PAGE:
World Congress of Neurology 2019 

As this issue of World Neurology is published, the excitement and tension surrounding the upcoming XXIV World Congress of Neurology (WCN) is building. All of those involved are readying their final preparations for what should be one of the most exciting, educationally informative, and varied gathering of speakers, attendees, and delegates from all over the world.

William Carroll, MD

Being a true World Congress of Neurology, it will have all the local flavor, international participation, and opportunity for collegial interaction that uniquely characterizes such meetings, setting it apart from the more regular annual regional meetings.

The Dubai WCN promises much. As a major travel hub, Dubai will reduce overall delegate travel time and offer a wide range of accessible quality accommodation and novel attractions. Most importantly, it has a first-class scientific and teaching program, guaranteed to be of interest to all.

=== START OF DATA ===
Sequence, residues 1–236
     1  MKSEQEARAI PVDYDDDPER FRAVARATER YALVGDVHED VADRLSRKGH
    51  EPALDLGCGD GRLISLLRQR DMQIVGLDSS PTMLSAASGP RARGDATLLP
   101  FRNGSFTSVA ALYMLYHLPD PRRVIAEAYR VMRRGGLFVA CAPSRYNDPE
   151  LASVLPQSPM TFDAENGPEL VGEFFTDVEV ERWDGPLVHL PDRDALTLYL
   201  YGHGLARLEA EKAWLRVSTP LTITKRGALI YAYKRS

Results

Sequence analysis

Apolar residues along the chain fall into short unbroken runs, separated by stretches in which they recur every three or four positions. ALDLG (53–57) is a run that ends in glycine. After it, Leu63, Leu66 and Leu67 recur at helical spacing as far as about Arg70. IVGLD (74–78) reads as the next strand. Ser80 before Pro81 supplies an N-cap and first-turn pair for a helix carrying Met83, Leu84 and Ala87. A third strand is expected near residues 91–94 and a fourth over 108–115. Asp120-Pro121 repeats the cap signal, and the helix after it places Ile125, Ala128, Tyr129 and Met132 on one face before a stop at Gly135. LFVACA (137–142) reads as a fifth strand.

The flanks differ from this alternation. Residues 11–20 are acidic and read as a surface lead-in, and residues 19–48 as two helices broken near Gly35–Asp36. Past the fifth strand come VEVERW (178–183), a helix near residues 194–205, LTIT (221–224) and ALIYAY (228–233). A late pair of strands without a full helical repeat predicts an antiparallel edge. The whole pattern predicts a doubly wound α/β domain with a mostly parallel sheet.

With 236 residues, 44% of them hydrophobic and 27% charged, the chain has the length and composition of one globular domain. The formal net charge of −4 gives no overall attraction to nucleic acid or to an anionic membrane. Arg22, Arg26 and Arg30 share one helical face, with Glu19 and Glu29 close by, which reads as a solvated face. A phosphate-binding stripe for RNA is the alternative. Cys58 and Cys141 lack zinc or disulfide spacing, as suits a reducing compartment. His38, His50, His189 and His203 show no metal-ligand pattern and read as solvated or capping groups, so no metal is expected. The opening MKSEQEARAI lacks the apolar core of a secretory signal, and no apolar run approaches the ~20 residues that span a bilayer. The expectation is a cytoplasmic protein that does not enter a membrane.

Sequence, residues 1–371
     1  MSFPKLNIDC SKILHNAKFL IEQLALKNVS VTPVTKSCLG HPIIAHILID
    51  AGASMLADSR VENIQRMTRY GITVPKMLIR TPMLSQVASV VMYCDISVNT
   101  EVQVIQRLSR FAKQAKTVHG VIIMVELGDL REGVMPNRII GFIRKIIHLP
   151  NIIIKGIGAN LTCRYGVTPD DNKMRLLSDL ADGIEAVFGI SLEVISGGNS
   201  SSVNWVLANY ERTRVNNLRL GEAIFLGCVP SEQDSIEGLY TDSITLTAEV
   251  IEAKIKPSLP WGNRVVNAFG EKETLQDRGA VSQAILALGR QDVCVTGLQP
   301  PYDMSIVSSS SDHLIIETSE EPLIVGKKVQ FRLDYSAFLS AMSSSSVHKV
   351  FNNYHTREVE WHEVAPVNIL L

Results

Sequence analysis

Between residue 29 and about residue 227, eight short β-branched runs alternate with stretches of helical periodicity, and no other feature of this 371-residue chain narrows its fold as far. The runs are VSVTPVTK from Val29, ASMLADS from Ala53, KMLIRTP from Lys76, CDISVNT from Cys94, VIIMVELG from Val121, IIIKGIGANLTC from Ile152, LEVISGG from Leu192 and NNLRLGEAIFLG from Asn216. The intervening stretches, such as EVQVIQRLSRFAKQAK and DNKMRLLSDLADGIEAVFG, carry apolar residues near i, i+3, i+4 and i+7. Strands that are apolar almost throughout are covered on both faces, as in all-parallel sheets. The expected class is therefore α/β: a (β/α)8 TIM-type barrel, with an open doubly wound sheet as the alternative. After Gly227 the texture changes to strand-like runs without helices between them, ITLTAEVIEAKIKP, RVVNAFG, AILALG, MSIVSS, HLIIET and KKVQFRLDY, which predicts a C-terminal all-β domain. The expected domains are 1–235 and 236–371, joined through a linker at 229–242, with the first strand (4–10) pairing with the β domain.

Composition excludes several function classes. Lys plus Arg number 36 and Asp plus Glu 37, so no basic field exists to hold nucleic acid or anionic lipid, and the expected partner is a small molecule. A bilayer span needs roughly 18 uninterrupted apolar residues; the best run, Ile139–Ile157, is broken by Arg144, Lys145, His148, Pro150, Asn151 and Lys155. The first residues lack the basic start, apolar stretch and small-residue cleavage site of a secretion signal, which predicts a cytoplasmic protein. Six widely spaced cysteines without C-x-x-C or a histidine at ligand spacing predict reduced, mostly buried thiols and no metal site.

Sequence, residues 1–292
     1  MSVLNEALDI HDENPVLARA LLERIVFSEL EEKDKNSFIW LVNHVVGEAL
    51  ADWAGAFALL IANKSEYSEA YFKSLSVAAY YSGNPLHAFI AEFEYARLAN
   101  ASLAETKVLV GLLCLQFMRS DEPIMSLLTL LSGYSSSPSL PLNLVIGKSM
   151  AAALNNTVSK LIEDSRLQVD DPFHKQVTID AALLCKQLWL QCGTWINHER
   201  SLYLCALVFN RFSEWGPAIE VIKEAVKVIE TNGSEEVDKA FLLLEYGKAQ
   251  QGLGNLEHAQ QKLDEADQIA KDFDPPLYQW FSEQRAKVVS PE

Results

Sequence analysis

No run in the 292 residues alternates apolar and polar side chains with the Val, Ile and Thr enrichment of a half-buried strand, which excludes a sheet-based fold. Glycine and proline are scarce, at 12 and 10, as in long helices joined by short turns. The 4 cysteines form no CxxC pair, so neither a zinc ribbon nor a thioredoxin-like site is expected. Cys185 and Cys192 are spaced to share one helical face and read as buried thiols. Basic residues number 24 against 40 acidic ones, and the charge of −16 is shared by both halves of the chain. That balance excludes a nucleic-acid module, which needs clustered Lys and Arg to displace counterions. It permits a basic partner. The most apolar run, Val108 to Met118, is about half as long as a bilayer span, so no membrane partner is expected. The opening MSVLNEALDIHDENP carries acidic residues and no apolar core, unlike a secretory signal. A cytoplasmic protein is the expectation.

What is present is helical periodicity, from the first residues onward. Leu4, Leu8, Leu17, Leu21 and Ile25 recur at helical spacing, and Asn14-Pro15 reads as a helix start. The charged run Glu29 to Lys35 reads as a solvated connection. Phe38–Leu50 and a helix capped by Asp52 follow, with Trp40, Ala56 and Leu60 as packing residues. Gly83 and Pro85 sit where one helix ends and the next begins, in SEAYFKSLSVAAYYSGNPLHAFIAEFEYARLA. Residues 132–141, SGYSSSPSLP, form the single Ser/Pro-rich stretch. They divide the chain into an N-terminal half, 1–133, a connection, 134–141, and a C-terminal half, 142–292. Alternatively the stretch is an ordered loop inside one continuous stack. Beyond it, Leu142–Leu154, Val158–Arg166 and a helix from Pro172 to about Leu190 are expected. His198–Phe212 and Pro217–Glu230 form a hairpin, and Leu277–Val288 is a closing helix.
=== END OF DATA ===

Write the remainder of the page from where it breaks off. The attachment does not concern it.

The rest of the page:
The World Federation of Neurology (WFN) is most grateful to all those who have accepted the invitation to speak and to teach during this meeting. By accepting both roles, most of the invited speakers have aided the organizers and the WFN in substantially reducing the faculty costs, thus allowing more generous support in keeping with the recognition they deserve for their contribution. Furthermore, through reduced faculty costs and in partnership with the local Emirates Neurological Society, this WCN has been able to offer a record number of travel bursaries to assist the attendance of more than 200 young neurologists from low- and low-middle-income countries.